3.  Start Listening - Social Media is best described as a series of online conversations. Just like in normal life good conversationalists are great listeners. Listen to what the leading organisations in your field are doing, listen to what your customers are saying online, keep up-to-date with industry blogs. Luckily there are a myriad of tools available to listen including Google Alerts, Socialmention.com, LinkedIn groups, Twitter search and OpenFacebook Search.

4.  Identify your target market - As with any communication plan you need to know exactly who you are targeting? Where are they online? How do they communicate? What are they doing online? Why will they listen to and eventually buy from you? You will already know a lot of this about your existing customers. Often sending out a well-structured survey on surveymonkey.com will provide you with more clues as to where and what you should be communicating. Combine this with point 3 and you are on your way.

5.  Start responding - When you have listened and understand what people are saying and where they are saying it, start responding on specific industry blogs, joining Twitter discussions, commenting on Youtube, and slideshare.net or starting discussions on LinkedIn. This will give you an understanding of the tone and topics that interest and engage people, and you will start to get noticed by the online influencers in your industry.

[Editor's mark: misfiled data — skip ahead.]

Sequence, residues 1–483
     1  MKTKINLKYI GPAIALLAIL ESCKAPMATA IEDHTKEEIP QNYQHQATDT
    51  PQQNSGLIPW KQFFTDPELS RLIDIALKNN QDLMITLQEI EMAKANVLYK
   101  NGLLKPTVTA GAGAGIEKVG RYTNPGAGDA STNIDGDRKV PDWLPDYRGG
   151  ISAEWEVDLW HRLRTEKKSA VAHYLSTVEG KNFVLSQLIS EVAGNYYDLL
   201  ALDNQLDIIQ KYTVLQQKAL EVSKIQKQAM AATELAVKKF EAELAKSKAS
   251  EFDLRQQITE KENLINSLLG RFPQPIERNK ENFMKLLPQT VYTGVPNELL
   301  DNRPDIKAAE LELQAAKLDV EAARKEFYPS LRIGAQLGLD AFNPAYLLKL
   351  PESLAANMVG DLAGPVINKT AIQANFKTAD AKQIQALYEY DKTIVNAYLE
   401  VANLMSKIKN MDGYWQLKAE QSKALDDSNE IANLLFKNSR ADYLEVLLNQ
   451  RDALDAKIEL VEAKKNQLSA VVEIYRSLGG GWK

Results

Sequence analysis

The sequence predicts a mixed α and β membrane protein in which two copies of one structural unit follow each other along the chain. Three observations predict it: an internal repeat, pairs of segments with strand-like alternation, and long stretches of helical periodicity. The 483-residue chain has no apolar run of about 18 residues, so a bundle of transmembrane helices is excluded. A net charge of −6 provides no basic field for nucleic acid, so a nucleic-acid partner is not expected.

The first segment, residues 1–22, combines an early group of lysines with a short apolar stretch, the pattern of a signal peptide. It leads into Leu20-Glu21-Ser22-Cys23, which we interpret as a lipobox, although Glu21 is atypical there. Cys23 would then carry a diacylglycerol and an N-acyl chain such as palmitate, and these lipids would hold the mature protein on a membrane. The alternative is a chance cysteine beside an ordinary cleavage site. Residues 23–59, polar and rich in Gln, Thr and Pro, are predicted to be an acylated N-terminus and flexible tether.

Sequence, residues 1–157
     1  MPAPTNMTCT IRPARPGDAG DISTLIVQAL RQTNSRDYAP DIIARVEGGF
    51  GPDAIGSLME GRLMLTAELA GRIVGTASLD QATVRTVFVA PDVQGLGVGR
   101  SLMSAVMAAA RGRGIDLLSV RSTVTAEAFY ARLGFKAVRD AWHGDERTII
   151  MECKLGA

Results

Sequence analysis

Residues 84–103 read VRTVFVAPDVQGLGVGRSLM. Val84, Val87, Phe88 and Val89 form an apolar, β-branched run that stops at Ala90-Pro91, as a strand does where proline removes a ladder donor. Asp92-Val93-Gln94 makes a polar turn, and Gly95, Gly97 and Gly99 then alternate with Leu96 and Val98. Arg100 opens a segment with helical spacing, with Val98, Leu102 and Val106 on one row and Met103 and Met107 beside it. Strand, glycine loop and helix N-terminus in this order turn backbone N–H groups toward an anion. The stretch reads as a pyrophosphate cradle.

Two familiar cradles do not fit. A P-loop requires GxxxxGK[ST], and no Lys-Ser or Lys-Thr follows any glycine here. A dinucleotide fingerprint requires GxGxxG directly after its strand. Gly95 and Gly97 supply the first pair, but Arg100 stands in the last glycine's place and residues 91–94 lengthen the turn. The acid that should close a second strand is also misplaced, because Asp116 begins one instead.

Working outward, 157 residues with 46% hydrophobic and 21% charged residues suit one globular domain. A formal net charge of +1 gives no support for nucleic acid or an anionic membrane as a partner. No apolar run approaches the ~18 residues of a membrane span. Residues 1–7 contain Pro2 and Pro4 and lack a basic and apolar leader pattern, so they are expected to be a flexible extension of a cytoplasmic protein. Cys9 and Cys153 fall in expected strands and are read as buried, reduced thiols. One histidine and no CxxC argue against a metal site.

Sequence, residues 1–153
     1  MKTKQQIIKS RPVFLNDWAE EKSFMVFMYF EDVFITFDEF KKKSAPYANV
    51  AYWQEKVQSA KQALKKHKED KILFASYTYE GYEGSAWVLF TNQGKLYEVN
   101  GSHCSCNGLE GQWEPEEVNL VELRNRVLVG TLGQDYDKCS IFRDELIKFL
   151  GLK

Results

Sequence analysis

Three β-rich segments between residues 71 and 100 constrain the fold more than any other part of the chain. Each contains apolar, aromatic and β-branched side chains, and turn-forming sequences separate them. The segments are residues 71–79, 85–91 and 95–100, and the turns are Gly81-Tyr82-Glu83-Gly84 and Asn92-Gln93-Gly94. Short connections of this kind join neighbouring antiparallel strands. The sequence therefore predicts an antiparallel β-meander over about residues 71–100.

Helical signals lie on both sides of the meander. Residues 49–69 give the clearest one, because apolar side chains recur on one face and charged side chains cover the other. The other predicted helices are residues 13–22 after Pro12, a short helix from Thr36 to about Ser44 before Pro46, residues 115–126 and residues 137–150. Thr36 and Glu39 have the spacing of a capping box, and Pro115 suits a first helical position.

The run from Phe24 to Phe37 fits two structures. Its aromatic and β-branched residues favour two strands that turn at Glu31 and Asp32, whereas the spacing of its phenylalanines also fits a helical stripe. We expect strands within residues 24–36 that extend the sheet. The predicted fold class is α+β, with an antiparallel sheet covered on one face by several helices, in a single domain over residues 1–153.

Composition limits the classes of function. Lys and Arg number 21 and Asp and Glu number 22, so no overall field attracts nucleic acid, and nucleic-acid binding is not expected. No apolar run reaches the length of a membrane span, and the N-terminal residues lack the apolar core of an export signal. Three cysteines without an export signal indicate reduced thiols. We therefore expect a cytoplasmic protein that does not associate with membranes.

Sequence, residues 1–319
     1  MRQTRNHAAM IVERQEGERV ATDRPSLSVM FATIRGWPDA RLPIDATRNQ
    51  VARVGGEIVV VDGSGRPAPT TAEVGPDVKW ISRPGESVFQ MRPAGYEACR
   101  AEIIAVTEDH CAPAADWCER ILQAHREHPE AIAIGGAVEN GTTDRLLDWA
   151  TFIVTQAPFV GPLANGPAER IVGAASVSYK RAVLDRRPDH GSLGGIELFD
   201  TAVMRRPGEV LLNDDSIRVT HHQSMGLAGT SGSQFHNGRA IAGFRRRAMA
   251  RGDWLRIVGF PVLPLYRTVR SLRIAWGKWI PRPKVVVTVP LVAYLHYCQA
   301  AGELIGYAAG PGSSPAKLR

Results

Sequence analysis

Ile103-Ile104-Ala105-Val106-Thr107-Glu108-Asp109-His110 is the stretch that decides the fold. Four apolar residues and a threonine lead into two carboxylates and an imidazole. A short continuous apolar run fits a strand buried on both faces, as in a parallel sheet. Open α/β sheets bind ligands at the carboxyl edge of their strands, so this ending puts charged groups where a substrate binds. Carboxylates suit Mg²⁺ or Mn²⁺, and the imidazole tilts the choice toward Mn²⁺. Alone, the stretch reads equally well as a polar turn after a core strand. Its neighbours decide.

6.  Create your own initiatives and get others involved - You’ve done the research, now dive in! Choose your tools and set up your initiatives. You will by now have a feel for which tools, initiatives and type of content best suit your customers. It could be blogs, discussion forums, linkedin, facebook, slideshare etc etc. Focus on spreading the content that adds the most value to your target market. Ask customers, partners and others that can add further value to contribute a guest post or video. This fosters community and adds value to the people who visit your online community.

7.  Measure - Everything online is measureable. Regularly check your analytics to see what is working and not working. Are you achieving your KPIs? Keep doing more of what’s working.  If something’s not working change it or stop doing it. See next point.

8.  Fail fast - Social media tools are free and quick to set up. The most wasted resource will be the time of you and your team. Once you have a plan for a tool set it up and test it. Find out how much value it can add as quickly as you can. Measure carefully and try different tactics.If it’s not working move on.

9.  Syndicate – Connect up the various social media tools so that you only have to create a message once and promote it via all your social media tools and networks. Tools like Hootsuite, Ping.fm, Bit.ly, Tweetdeck and Postling enable you to do this automatically. This ensures you get your message your target audience in multiple places, with little additional effort.

10.  Train and educate – Train your team to use the Social Media tools you decide best suit your target market. Train your partners and customers on these tools so they understand how to get the best from the information and value you provide. Oh and finally, train and educate them again, and again and again.
Symphony3 provide a full framework and roadmap for social media implementation. They invite contributions and critiques of the social media framework on their wiki. For more info or to contribute your thoughts and case studies on social media visit http://symphony3.centraldesktop.com/framework/

Fergal Coleman from Symphony3 has compiled the following ten tips for approaching social media strategically. ..